See a need—Fill a need—Create a need

I’ve been fortunate to be a student | alumni of the Disney Institute for a number of years and have gain significantly from their curriculum, both in usable tools and practical application. This has made me an astute observer whenever I have the opportunity to a customer of any of the number of Disney companies—parks—retail—on-line—etc. I watch for how they “show” the results of their continued efforts to preserve the vision and each time I come away newly fascinated and inspired. 

Recently, as part of their 50-year celebration at Walt Disney World Resort, in the Hollywood Studios park, they incorporated the video “Walt Disney, One Man’s Dream” into one of the attractions. What struck me was not so much his origins of evolving from a paper delivery boy for the Kansas City Star, in Missouri, to the founder of a global empire, but more the simplicity of his approach and holding to the vision. 

From a young age, Walt was a “doodler” someone who enjoyed creating cartoons, but that was nothing new or original, in his words. What would be new and original would be mix the animation with live action. So, he experimented by inserting illustrated characters with live actors.

In a world a century younger than we are now, Walt’s ambitions likely seemed like a far-flung fantasy. He needed something with a “novel to it…[to] crack the market”.

Off he went to Los Angeles. Of course, being unemployed, he and brother Roy solved that problem by launching their own business. They may not have had any money, but now they had a job and the first animated cartoon studio in Hollywood.

I think it’s important to have a good hard failure when you’re young.”

And fail they did—often. We all know the origin story and loss of Oswald and then creation of Mickey Mouse on a train in 1928. The fascination comes from Walt’s understanding that if he wanted to achieve the vision, be more than just a part of theatre openers, he needed to create a character with its own intentional personality—a distinct individual. That was what made Mickey different. His sole purpose was for laughter.

This is, in my opinion, the essence of what made Walt Disney so different. He didn’t just look between the lines to “see a need, fill a need”, he created a need. He established access to the “want”.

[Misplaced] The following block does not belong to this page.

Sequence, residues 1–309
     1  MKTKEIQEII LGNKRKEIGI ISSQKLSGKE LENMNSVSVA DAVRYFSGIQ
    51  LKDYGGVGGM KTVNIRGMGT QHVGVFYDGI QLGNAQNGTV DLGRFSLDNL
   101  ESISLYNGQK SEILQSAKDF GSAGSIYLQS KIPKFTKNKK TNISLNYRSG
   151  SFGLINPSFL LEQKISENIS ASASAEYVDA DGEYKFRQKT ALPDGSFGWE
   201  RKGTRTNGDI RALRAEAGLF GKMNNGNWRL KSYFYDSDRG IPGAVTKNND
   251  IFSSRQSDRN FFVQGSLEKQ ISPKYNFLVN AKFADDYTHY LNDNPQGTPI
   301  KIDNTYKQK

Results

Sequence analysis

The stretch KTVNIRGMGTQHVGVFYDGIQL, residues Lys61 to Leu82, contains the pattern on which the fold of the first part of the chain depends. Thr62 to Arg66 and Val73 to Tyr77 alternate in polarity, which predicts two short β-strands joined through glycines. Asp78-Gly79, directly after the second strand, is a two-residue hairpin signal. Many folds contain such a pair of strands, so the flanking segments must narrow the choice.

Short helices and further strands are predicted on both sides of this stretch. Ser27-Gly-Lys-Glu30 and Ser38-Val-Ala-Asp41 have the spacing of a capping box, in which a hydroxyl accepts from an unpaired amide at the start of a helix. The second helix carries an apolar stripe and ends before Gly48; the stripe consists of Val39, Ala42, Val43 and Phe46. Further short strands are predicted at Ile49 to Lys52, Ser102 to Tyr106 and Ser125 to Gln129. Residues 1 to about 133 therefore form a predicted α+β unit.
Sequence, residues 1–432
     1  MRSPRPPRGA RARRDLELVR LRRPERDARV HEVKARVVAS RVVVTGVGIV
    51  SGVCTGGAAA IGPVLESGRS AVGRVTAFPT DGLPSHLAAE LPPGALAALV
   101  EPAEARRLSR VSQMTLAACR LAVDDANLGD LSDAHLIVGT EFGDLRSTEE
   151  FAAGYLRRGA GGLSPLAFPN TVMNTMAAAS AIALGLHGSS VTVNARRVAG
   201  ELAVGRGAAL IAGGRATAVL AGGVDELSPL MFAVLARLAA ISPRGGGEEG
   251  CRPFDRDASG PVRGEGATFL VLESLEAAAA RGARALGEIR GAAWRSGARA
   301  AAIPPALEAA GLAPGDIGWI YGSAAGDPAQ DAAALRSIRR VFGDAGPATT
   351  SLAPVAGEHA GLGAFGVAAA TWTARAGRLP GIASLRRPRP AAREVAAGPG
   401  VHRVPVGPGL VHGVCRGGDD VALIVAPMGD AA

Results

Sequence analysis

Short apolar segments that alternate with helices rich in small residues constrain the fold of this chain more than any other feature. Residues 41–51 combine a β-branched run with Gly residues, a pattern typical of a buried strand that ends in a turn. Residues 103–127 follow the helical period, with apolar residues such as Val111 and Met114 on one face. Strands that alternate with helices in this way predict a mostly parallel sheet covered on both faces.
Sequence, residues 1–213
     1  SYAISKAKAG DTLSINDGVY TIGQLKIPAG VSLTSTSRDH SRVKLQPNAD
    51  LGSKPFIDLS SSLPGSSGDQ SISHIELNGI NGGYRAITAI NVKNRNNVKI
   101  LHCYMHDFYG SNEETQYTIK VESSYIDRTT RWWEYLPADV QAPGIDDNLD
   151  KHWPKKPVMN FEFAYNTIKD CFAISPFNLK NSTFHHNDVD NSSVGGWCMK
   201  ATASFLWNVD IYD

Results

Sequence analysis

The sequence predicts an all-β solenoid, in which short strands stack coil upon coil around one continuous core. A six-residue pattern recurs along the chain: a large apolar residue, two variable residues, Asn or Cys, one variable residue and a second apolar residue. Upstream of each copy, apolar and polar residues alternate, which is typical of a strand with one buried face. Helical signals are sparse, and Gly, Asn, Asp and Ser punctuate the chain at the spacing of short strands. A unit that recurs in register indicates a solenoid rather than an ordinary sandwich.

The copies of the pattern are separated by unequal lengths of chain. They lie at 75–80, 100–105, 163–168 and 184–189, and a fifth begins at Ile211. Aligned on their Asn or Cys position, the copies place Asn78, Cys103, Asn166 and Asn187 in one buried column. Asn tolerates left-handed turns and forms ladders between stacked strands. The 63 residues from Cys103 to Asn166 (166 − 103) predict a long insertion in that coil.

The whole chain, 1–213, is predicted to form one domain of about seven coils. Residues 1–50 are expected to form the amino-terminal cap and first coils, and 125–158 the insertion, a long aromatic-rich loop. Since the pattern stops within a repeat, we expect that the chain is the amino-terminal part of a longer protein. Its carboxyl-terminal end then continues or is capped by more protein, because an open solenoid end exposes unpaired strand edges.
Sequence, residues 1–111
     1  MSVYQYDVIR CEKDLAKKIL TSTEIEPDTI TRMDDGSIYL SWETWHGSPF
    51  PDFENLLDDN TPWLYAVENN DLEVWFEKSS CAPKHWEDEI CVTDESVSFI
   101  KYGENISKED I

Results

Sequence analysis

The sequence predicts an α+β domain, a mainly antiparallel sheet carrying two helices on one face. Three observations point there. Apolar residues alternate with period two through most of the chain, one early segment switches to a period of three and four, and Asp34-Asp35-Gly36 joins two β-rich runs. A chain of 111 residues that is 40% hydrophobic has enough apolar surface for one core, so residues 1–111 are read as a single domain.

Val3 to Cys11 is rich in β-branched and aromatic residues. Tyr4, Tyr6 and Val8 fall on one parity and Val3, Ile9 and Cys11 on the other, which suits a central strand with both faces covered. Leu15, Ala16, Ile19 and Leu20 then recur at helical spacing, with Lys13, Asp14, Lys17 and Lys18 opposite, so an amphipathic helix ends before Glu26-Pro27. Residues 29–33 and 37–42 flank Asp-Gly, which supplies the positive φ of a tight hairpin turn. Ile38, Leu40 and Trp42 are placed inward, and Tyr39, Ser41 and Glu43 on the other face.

He proved this in 1937 with “Snow White and the Seven Dwarfs” a full-length feature animation, earning more than $8 million from its initial release, being nominated for two Academy Awards.

Obstacles created more opportunities, a chance for diversification, retail and the combination of live action, cartoons, and fantasy all in one with the release of “Mary Poppins” in 1964.

However, never losing site that none of these achievements were Walt’s alone, the culture remained paramount. The staff behind each endeavour, willing to invest themselves, their skills, their “ownership” of the vision. Even today, amongst the crowds attending the parks, people spending thousands of dollars to enjoy moments from the “happiest place on earth” they buy into their own particular ownership of this vision. “Family Friendly Fun” that came from Walt’s understanding that adults don’t want to just sit back at the park and watch their kids on a ride but be a part of the memories at a place “built where the parents and the children could have fun together.”

Hence the dream survives as, “something that will never be finished … something that will keep developing and adding to … even the trees will keep growing and the thing will get more beautiful every year.”

Walt Disney makes other’s see the possibility of their imagination and “want” it for themselves. 

But the basic philosophy of what we are planning for Disney World will remain very much as it is right now. We know what our goals are. We know what we hope to accomplish.”

As was true a hundred years ago, so it is today. “Quality will out.”

We believe in quality in benefits and would be pleased to engage in a meaningful conversation. Give us a call. 

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